The structural set-up of the European MA market, however, meaning that the reliance on two main liquid suppliers means any plant reliability issues could also tighten the market, if demand picks up in 2013. This is particularly the case if players continue to keep stock levels low for economic reasons-which mean that there is no buffer in the value chain, should there be any plant reliability issues.

In contrast to liquid MA, flake MA supply has been limited in Europe in 2012, particularly in the second half of the year, because of a dearth of imports in a market which is structurally dependent on imports to supplement its domestic production.

However, the MA flake supply situation is likely to improve in 2013, with Sasol-Huntsman planning to increase the flexibility at its MA production in Germany by bringing a second flake pastillisation facility on line in the early part of the first quarter of 2013. Sasol Hunstman will double their flake pastillisation capacity to 20,000 tonnes/year, although the overall nameplate capacity for MA will remain unchanged at 105,000 tonnes/year.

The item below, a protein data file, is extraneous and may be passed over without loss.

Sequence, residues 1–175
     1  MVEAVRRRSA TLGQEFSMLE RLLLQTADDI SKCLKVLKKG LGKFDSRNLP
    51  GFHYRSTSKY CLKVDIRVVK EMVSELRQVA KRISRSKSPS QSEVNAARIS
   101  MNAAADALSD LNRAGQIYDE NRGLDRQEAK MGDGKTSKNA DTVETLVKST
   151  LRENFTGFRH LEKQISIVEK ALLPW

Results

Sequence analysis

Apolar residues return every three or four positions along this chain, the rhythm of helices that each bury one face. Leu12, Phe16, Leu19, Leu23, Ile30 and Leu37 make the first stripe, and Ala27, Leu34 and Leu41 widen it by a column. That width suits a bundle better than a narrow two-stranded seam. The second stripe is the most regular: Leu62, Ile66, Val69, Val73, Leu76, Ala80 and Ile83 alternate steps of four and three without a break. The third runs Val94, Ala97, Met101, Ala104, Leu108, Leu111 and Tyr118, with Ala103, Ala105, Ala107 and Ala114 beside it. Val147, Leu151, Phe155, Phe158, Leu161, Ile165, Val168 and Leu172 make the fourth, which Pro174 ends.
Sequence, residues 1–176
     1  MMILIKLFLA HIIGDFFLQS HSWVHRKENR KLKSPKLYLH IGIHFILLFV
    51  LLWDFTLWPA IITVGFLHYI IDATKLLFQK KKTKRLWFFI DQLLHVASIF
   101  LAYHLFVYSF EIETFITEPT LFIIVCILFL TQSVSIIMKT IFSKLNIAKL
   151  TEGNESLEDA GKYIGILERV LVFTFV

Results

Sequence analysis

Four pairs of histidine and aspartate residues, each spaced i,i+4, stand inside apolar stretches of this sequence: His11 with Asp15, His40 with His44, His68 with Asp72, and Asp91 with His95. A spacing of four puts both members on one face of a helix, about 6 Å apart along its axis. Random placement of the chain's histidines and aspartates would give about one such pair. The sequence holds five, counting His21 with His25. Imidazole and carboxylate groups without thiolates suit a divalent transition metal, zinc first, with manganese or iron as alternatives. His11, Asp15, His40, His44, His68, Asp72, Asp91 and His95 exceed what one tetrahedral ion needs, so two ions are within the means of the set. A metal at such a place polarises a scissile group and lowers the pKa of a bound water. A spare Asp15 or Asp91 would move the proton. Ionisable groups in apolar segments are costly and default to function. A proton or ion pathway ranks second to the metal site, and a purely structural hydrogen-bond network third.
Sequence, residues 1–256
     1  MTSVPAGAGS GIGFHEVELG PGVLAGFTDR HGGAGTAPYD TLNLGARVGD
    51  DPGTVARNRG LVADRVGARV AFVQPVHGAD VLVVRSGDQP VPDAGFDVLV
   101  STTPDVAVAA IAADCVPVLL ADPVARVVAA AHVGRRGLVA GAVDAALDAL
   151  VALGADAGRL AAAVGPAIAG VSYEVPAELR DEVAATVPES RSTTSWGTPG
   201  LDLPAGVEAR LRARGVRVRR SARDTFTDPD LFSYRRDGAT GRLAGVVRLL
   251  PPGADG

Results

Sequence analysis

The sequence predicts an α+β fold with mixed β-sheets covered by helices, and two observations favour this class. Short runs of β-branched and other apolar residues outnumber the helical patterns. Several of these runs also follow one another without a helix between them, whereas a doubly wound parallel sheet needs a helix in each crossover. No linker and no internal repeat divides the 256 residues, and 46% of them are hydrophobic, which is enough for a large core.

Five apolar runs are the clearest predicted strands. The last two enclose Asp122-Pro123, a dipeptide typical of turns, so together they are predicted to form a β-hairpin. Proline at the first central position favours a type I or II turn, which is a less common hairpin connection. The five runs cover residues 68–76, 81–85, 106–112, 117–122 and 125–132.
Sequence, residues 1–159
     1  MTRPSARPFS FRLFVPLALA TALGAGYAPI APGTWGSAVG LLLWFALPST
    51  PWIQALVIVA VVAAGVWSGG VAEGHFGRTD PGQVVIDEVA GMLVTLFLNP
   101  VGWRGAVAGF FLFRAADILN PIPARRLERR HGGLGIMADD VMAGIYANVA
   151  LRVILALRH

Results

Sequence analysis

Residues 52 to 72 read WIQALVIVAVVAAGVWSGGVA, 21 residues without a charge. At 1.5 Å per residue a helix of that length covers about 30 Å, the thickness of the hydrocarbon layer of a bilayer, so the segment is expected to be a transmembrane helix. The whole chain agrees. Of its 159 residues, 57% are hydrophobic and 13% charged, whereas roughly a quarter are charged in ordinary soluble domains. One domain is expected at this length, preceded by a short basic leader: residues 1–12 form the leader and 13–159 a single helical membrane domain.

The company will continue to focus on its core liquid business, particularly if UPR demand picks up in 2013. Otherwise, it will primarily use the second flake pastillisation unit for export purposes to cover any shortfall in the European market.

In terms of demand expectations, players stressed how it is difficult to gauge how demand will pan out in 2013, because a lot will depend on what will happen to the global economy and the eurozone in particular.

The main downstream UPR sector is expected to strongly mirror the wider economic situation, leading some to suggest that if the economy recovers in 2013, there will be the most recovery potential in the UPR sector, particularly in the Mediterranean. This is the sector and region which has been most affected by the poor economic climate.